Manager Who Never
By this time Williams had returned to Liverpool, unsuccessful in his attempt to get Koschmider to give him sole booking rights for the club. He didn't have any further association with the Beatles, apart from a running argument in which he demanded an agency fee for a 1961 Top Ten season in Hamburg which they claimed to have arranged themselves.
The Williams episode is worth exploring because his claims of being their 'first manager' have passed into Beatle lore.
If Williams had been manager to the Beatles, he would have booked them on his Liverpool Stadium event. They would have been his first choice for Hamburg, not his third, when Koschmider requested another group. If he were their manager he would have looked after their interests in Hamburg when they requested better sleeping conditions. If he were their manager how would he have allowed Rory Storm & the Hurricanes, who he also booked into Hamburg, to have top billing, more money and better accommodation than the Beatles?
When the Hurricanes were at the Kaiserkeller Williams was impressed by the voice of Lu Walters of the Hurricanes and paid for a record of him singing at the Akustik Studio in Hamburg. Because of their vocal harmony, he wanted the Beatles to back Lu on a number, 'Summertime.' As the Hurricanes were so used to playing it, Ringo Starr provided the drumming, which is the first time all four of the future Beatles played together. The Hurricanes then backed Lu on two other numbers. The Beatles asked Allan if they could record some numbers, but Allan refused to pay the few pounds needed.
If Williams were their manager, why would he sooner pay to have a group other than his own make a record?
Over this period of time he did more for both Derry & the Seniors and Rory Storm & the Hurricanes than he did for the Beatles, but never claimed to have managed those bands.
Further evidence that Williams only acted in an agency and not a management capacity is found in the letter he sent to them in April 1961 in which he attempted to get a commission for their German Top Ten Club season, which they arranged themselves. He wrote: "If you decide not to pay I promise that I shall have you out of Germany inside two weeks through several legal ways and don't you think I'm bluffing.
"I will also submit a full report of your behavior to the Agency Members Association, of which I am a full member, and every Agent in England is a member, to protect Agents from artists who misbehave and welsh out of agreements."
There you have it, in his own words, he was acting as agent, not manager.
Editor's Note: I suppose the first time that I
realized that the history of which I was part was being distorted was when Brian Epstein's biography 'A Cellarful of Noise' was published in which he wrote that he'd never heard of the Beatles until a boy came into his shop to ask for their record.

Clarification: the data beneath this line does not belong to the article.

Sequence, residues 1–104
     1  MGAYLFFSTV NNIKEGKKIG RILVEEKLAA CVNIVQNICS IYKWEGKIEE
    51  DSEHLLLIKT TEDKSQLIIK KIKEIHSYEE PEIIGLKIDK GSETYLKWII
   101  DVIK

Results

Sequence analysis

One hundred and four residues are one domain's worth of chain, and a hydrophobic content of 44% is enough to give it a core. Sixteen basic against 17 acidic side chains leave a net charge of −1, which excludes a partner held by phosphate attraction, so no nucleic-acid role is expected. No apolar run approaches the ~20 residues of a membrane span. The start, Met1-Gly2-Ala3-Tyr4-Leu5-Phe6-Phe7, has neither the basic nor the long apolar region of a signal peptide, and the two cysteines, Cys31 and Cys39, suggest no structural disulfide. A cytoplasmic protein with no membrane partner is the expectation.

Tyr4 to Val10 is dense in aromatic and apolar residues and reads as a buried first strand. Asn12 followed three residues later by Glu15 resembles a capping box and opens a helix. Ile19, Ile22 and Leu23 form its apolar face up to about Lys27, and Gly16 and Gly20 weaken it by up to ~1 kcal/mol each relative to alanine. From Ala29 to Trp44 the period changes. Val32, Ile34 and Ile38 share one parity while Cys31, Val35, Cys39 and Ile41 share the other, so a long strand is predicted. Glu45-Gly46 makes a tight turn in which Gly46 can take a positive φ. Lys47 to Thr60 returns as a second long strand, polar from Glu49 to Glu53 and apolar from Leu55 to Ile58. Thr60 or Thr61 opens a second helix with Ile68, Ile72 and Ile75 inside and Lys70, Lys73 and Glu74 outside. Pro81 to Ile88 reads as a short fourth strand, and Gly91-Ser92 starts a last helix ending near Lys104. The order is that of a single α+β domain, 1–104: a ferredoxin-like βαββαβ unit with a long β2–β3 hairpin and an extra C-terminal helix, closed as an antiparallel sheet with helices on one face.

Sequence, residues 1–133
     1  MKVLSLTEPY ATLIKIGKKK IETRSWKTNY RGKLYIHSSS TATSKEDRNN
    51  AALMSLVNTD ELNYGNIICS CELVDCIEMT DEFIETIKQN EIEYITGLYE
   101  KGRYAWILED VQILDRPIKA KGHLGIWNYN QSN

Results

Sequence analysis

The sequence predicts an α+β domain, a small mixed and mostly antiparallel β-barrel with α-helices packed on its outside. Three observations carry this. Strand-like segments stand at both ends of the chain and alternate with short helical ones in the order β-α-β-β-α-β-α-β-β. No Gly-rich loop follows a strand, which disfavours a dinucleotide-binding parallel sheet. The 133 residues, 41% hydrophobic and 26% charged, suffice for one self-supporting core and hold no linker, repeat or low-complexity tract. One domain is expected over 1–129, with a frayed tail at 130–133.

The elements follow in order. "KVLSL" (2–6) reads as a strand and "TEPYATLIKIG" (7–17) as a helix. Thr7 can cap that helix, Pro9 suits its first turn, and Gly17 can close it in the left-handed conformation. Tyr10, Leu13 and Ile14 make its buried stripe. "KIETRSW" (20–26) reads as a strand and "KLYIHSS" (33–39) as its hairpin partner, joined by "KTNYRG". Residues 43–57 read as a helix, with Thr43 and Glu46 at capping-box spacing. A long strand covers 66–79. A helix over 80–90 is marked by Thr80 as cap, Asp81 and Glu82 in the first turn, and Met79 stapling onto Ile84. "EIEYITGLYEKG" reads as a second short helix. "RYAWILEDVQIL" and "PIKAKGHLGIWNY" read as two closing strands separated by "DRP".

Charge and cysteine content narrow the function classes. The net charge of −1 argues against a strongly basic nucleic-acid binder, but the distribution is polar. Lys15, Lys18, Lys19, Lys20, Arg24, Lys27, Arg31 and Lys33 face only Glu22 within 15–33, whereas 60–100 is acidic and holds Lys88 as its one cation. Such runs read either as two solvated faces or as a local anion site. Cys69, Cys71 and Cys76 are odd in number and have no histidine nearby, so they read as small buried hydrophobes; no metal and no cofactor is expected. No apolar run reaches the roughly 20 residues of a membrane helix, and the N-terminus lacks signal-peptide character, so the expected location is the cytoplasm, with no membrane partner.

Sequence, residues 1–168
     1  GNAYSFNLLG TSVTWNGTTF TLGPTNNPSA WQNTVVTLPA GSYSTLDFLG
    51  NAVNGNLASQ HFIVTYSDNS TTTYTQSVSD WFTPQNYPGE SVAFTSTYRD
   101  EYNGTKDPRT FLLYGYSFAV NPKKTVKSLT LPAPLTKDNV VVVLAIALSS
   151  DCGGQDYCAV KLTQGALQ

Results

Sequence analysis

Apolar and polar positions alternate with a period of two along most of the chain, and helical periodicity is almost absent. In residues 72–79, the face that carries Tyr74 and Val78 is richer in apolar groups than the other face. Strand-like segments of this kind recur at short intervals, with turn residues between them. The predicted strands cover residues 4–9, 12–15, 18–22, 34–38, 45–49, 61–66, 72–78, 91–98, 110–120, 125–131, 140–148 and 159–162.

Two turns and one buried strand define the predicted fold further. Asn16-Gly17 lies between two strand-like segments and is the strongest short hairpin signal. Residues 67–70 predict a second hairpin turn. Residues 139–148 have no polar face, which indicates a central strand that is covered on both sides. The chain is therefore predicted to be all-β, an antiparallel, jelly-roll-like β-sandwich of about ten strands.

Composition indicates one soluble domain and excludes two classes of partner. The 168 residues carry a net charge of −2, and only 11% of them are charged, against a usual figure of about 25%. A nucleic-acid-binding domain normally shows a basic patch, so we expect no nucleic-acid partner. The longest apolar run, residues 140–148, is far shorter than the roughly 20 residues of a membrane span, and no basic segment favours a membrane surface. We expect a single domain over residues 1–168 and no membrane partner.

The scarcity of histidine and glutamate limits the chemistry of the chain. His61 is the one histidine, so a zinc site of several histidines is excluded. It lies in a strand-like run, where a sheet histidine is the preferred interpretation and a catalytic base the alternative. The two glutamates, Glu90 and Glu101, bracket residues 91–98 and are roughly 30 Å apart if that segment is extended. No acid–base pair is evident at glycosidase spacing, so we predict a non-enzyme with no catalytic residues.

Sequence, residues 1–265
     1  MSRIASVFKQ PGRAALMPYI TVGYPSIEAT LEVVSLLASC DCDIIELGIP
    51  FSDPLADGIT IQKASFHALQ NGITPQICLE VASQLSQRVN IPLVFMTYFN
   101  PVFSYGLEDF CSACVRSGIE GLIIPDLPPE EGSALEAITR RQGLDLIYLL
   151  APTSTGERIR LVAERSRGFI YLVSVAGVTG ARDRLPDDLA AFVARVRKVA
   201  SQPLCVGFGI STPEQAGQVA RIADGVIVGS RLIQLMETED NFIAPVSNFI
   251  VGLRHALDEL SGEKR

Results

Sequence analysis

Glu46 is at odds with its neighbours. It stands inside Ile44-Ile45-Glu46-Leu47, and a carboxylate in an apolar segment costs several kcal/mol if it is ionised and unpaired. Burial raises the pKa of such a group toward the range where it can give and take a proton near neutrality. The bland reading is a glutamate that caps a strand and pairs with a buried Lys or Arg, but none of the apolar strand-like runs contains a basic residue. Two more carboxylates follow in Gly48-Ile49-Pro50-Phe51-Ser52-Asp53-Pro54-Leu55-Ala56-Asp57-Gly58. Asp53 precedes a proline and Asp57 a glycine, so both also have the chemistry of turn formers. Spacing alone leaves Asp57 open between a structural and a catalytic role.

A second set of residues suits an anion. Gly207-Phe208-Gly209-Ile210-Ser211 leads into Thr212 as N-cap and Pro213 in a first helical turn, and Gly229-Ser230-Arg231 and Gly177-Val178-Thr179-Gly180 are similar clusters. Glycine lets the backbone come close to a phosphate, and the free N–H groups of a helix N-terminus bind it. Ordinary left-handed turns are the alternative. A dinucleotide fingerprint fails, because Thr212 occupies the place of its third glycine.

This didn't bother me too much at the time, a shrug-of-the-shoulders reaction. I had moved to London and was as much a part of the scene there as I had been in Liverpool: down at the Scotch-of-St-James with the Beatles and the Stones, being a guest of Bobby Darin at the house he rented, going to the after-hours drinking clubs with Keith Moon, attending almost every 'Top of the Pops' and 'Ready, Steady, Go!' shows, attending gigs with groups every night be it the Marquee, Saville Theatre, Lyceum or the many other venues...and so on.
It was actually in the Eighties and Nineties, reading the numerous books about the Beatles, that I
realized how the myths were growing. What was particularly disturbing was how my own personal history was being distorted by people who weren't even present on the scene at the time, particularly when they attributed things I had done to other people.
As a result, in the late nineties I began a series of articles called 'The Beatles: Apocryphal Tales' in Beatlefan magazine, which explored the various myths. I have decided to revive them on the site under the title 'The Beatles Mythology.'
I begin with the story of Allan Williams because it's interesting to wonder that if a person hears a story enough times he begins to accept it, even if his own experiences contradicted this. Perhaps this was the case with Paul McCartney as the Beatles had always denied that Allan had managed them - and he suddenly changed his mind in the 'Anthology.' But the 'Anthology' also proved that the individual members of the Beatles themselves contradicted or had different views about incidents to which they were witnesses.
Due to hindsight, false memory and other factors, the bending of facts, no matter how trivial, which actually distort the events of recent history is an intriguing field to investigate.
As to Allan himself, he is a fascinating and amusing character. His contributions to the Liverpool scene were his clubs, particularly the Blue Angel.
We had great times together. Allan would drive Virginia and me to the Red Lion in Cardigan regularly, speeding through the Welsh hills at night, sometimes racing back to Liverpool with us to catch the Blue Angel before the towels went on.
When he opened his Maggie May club in Colquitt Street he asked me to present a regular night in which I introduced new groups. He even gave me the manuscript of his original biography as a present.
So the feature above is in no way meant to diminish Allan's part in the Mersey scene, but the series of events will leave it open you the reader to decide whether he was their first manager or not.
Incidentally, not enough credit has been given to Nigel Wally, who John Lennon appointed as manager of the Quarry Men. Wouldn't he have some claim to be the Beatles' first manager, considering that John, Paul and George were members at the time?